(Larry Bunce) #6

I would assume that the human ability to speak began as the ability to imitate the sound of other animals. This would be a survival advantage for a hunting species, and would lead to the ability to signal other humans which way to go to capture game without tipping off the herd of the human presence. This in turn could lead to full-blown speech and the ability to sing. Different early hominids might have sung for generations before they started to speak, and others might have developed speech right away. That would make it hard to pin down just when speaking or singing began, or who was first.

The concept of species has been determined to be very difficult to define, especially when looking at the fossil record. Still, we can point to individual specimens that have all the qualities we might think of as being one species or another. Even today, there are individuals we might consider so despicable that we would hate to think of them as fellow humans.

The main idea is that the early hominids eventually became modern humans. The details of how that happened are very interesting, but ultimately not very important.

(Jay Johnson) #7

No, that would be entirely implausible. Behavior is learned just as language is learned, which is through mimesis and enculturation. Two people “inventing” modern human behavior is as impossible as two people “inventing” a language or a single breeding pair “inventing” a species.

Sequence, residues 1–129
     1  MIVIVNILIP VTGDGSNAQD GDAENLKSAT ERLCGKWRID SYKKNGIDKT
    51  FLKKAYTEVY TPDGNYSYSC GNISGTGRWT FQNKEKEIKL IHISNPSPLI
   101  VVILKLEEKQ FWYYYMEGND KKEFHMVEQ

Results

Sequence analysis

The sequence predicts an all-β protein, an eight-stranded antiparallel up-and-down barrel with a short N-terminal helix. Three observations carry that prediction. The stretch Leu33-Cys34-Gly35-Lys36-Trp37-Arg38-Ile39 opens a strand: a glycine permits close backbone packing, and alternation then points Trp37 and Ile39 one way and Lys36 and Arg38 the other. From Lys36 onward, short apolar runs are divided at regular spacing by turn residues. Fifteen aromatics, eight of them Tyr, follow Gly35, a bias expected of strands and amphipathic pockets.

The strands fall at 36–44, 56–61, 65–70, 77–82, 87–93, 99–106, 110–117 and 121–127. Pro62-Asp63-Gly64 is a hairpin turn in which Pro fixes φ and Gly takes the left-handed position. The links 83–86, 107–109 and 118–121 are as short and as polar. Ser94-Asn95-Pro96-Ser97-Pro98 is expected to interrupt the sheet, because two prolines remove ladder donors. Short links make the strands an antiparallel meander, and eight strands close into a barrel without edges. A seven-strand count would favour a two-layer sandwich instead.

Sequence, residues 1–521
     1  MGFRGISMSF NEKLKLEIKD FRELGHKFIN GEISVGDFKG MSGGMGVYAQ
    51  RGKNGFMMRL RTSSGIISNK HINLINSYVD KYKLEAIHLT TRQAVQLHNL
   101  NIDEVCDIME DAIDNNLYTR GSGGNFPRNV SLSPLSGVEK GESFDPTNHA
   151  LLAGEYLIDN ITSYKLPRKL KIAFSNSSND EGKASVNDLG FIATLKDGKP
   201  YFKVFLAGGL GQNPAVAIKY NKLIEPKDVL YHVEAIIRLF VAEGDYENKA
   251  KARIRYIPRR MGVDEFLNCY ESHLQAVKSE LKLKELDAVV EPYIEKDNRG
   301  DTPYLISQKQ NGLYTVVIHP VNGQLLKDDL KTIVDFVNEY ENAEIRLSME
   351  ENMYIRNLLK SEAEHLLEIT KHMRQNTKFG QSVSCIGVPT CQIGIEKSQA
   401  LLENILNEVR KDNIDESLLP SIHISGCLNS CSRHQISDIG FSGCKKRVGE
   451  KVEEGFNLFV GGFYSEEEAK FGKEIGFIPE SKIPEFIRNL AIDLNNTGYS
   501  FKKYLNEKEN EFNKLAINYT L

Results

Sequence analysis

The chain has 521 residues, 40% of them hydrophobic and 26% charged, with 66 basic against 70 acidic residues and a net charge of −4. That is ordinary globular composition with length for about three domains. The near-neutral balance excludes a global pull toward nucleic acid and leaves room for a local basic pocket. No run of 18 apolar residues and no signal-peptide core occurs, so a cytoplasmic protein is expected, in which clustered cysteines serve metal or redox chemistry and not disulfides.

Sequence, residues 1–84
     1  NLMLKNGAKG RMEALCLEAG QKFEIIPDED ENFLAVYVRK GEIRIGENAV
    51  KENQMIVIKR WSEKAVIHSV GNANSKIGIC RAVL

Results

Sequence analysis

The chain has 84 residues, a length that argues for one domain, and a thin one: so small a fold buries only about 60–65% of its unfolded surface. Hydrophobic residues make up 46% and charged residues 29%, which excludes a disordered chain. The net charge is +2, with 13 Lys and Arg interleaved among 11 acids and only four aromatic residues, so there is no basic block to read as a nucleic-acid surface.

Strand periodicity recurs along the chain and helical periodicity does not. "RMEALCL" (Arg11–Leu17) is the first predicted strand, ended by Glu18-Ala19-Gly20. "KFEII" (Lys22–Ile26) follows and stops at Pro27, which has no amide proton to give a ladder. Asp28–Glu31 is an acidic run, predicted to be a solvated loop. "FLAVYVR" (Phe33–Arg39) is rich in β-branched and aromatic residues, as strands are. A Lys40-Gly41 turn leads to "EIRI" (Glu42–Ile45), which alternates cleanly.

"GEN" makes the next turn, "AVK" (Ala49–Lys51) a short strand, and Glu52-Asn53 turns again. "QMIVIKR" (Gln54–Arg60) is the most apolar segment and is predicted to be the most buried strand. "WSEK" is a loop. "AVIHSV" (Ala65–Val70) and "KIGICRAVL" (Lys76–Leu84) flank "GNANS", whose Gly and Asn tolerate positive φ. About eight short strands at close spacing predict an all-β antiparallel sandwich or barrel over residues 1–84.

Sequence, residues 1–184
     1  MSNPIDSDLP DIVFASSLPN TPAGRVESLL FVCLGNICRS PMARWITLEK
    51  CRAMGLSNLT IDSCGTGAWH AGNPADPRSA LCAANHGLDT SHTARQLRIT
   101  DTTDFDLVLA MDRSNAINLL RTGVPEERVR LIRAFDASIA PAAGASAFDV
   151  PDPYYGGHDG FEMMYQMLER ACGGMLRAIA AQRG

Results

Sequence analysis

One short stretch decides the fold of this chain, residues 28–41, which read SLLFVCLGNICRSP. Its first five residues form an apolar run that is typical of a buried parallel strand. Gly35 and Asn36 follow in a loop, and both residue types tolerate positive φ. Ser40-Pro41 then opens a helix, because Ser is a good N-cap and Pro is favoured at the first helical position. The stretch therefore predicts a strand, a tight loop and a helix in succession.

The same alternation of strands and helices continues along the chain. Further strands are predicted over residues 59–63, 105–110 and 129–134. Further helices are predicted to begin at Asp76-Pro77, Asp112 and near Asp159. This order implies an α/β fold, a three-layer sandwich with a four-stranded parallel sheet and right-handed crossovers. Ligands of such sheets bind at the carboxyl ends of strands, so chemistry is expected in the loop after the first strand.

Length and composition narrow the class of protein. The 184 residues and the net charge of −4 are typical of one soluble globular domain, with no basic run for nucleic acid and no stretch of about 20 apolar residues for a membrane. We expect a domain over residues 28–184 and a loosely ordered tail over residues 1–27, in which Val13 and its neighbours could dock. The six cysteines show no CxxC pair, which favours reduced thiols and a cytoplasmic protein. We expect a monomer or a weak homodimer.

They are perfectly clear and useful words that everyone seems to understand. The Supreme Court couldn’t put a precise definition on pornography, either, but that doesn’t stop us from using the word or clearly understanding the concept. All your quibbles about words just make your point opaque, not clear. If there was a point to any of it, I certainly can’t make heads or tails of it.

So, H. sapiens is not “mankind,” either. Good luck with that!

As for me, I think I’ll just continue using “human” and “mankind” in their normally understood senses, and I’m pretty confident everyone except a few scientists in the room will not have a bit of trouble understanding me.

(Christy Hemphill) #8

:slight_smile: I like Justin Trudeau. Warren G. Harding promoted a “return to normalcy” even though “normality” was a perfectly good word. You get to use your position of power to see if you can get people to use new words; it’s a perk no one thinks of when they consider going into politics.